Reynolds v. Mills

CourtUnited States State Supreme Court of North Carolina
Citation99 S.E. 240
Decision Date14 May 1919
Docket Number(No. 476.)

99 S.E. 240


(No. 476.)

Supreme Court of North Carolina.

May 14, 1919.

[Ed. Note.—For other definitions, see Words and Phrases, First and Second Series, Domicile.]

Appeal from Superior Court, Lincoln County; Webb, Judge.

Action by J. R. Reynolds, administrator of James Seism, deceased, against the Lloyd Cotton Mills, wherein defendant petitioned to vacate plaintiff's letters of administration, which was done by the clerk of the superior court; whereupon Reynolds appealed, and the judge of the court reversed the clerk's decision, and ordered the letters to be restored, to which order defendant excepted,

[99 S.E. 241]

as it did to an order that Reynolds as administrator, under grant of letters from another county, be made a party to the action, and defendant appeals. Error.

The facts, as agreed upon, are that James Seism was, prior to June 3, 1917, domiciled in the county of Gaston, and on that date he, with his family, was riding in an automobile from said county to the county of Lincoln, in which latter place he intended to make his home, having previously contracted to work for the Lloyd Cotton Mills. He ha sent his household and kitchen furniture forward before he started on his journey, and it had arrived in Lincoln county. While he was proceeding from his home in Gaston county to the county of Licoln the automobile in which he was riding was overturned before he reached the line dividing the two counties, and he was killed in Gaston county. The case does not show that he had selected a house or place of abode in Lincoln county, where he intended to live, but only that he j left his domicile in Gaston county with the intention of residing thereafter in Lincoln county.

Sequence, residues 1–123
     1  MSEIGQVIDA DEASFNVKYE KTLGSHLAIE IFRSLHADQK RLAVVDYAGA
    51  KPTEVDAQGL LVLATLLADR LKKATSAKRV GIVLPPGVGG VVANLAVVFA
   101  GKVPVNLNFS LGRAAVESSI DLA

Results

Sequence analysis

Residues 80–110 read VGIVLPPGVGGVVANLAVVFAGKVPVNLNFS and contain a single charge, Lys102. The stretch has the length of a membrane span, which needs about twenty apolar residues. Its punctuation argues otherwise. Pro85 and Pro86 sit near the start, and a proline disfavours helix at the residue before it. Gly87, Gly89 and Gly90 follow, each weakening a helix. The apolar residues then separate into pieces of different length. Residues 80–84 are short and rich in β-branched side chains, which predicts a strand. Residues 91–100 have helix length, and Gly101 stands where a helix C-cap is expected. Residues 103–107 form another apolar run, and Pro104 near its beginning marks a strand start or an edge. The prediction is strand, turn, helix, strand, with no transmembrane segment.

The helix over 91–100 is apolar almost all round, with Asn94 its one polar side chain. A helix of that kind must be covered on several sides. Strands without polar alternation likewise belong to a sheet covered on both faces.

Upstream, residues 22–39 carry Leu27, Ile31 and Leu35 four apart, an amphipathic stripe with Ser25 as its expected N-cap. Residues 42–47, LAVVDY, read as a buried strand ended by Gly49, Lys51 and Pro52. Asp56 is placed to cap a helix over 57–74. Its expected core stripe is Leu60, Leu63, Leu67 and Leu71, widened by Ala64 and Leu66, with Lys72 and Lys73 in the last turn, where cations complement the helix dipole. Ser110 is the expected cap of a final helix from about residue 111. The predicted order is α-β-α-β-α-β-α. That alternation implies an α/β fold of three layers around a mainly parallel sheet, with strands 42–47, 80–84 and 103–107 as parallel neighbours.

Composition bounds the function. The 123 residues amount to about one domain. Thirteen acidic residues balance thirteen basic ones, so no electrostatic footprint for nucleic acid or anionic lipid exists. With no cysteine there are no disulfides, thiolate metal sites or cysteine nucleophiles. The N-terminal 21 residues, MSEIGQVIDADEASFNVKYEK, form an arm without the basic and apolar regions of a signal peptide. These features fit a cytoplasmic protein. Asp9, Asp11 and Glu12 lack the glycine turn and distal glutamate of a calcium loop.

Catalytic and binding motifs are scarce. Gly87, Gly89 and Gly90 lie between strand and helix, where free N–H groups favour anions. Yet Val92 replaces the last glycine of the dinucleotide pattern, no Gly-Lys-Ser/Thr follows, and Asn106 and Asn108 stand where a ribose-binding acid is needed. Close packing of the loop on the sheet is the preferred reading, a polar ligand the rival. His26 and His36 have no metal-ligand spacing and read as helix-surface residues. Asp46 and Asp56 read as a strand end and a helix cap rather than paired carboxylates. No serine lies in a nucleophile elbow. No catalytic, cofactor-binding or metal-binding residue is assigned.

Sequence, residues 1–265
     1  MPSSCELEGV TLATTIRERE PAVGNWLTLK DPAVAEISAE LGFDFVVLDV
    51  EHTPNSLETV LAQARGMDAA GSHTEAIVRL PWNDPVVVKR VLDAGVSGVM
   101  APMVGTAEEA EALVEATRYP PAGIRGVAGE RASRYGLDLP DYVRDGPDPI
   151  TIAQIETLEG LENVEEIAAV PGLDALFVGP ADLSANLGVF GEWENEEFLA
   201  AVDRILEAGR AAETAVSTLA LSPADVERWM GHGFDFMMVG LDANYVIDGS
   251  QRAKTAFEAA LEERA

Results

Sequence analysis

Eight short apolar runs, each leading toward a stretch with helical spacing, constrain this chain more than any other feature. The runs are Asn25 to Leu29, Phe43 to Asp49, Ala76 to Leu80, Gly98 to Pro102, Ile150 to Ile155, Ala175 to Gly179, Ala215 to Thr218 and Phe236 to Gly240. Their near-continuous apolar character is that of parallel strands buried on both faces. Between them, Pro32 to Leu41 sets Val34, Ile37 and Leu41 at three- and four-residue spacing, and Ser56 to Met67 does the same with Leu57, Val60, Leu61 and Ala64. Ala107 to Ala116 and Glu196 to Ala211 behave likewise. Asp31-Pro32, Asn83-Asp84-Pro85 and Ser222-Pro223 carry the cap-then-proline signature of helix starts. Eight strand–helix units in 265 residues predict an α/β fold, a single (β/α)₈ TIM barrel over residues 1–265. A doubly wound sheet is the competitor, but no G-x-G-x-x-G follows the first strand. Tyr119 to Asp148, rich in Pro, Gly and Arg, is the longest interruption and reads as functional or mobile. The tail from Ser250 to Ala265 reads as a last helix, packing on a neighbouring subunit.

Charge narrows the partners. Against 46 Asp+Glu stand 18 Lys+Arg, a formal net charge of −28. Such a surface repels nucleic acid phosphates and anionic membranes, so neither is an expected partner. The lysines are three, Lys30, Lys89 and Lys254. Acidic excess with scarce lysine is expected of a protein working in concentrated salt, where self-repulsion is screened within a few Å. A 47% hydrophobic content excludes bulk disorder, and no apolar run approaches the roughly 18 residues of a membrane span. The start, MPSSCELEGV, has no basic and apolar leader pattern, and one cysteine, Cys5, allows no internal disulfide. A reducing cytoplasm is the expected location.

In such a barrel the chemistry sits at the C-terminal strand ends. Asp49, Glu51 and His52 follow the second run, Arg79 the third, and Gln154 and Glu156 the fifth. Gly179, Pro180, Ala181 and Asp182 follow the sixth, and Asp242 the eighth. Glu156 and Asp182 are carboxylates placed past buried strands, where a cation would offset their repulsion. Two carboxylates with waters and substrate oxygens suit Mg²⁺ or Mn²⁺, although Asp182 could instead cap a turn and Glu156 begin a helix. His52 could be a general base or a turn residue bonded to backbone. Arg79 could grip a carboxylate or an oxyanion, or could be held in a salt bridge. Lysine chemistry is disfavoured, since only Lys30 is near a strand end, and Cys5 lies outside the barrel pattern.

On application of J. R. Reynolds to the clerk of the superior court administration upon the estate of James Seism was granted to him, and letters accordingly issued, and he thereupon commenced an action in the superior court of Lincoln county to recover damages of the Lloyd Cotton Mills for alleged negligence of its servant in upsetting the automobile and killing his intestate.